• Edit User Interfaces Create Your User Interface First Responder The First Responder placeholder object represents the first object in the responder chain, which is determined dynamically at runtime by the AppKit and UIKit frameworks. To add new action messages to the first responder’s supported list 1. Select the First Responder placeholder object in your Interface Builder document. 2. Open the Attributes inspector. 3. Click the Add (+) button at the bottom of the User Defined section to create a new action method entry. 4. Double-click the method name in the Action column and type the name of the method. 5. Select the class in which the method will be defined from the pop-up list in the Type column. 6. After you are done making connections in Interface Builder, add the code for the method to the header and implementation class files in your project that you specified in step 5. The name of the method must match the name specified in step 4. Adding action methods to the First Responder placeholder object does not add the corresponding method definition to your Xcode source files. All it does is let Xcode know that such a method exists in one of the objects in the responder chain of your project. It is up to you to ensure the method names you add to the First Responder placeholder match the names of the methods in your code. Xcode does not validate these method names for you. At runtime, if a method name is misspelled or does not exist in an object, the corresponding action message is never received by the target object. Interface Builder does not prevent you from deleting the standard system messages associated with the First Responder placeholder. Doing so removes the message name from the current nib file only. When Mac OS X or iOS sends a message to your application, the message is sent to your application’s first responder. The first responder is typically the currently selected object or the object with the current focus in the frontmost window. You use the First Responder object to make connections to any messages that operate on the current selection or need to be handled by your frontmost window or document. For example, if you wanted a menu command to be handled by your frontmost window, you would dispatch that command to your First Responder object. The First Responder placeholder displays all of the actions that are either supported natively by the operating system or defined in your Xcode source files. 2012-09-19 | © 2012 Apple Inc. All Rights Reserved. 81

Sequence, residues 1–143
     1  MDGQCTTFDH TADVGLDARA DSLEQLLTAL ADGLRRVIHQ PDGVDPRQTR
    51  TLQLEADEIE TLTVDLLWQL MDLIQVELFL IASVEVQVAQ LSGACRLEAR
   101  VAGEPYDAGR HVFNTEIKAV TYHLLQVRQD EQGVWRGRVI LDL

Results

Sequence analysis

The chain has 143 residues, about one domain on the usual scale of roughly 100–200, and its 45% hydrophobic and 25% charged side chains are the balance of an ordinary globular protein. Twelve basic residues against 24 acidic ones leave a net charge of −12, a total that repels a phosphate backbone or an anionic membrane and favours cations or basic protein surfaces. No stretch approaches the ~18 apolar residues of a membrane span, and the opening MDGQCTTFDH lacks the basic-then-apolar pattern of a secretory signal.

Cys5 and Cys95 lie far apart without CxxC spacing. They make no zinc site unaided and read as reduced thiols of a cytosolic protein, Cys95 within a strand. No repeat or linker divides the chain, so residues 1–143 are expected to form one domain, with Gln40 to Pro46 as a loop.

• Edit User Interfaces Create Your User Interface Note: The First Responder placeholder is only for configuring action messages. You cannot connect the First Responder placeholder object to one of your custom outlets in hopes of receiving a dynamically changing pointer to the selected object in your window. In Mac OS X applications, you should instead use the firstResponder method of the current NSWindow object to get the first responder. In iOS applications, there is no single first responder object; the first responder is always the view that is the target of a touch. Application In Mac OS X nib files, the Application placeholder object gives you a way to connect the outlets of your application’s shared NSApplication object to custom objects in your nib file. The default application object has outlets for its delegate object and, in Mac OS X applications, the application menu bar. If you define a custom subclass of NSApplication, you can connect to any additional outlets and actions defined in your subclass. At load time, the nib-loading code automatically replaces the Application placeholder object with the shared application object from your application. Select Hidden Objects in an Interface File In Xcode, you can usually select an object in a nib or storyboard file by clicking it directly from the Interface Builder canvas. Many objects are compound, however, such as a text field that contains a number formatter. To select a hidden UI object using the dock 1. Expand the dock to show the outline view. 2. Use the disclosure triangles to open the objects containing the object you want to select. 2012-09-19 | © 2012 Apple Inc. All Rights Reserved. 82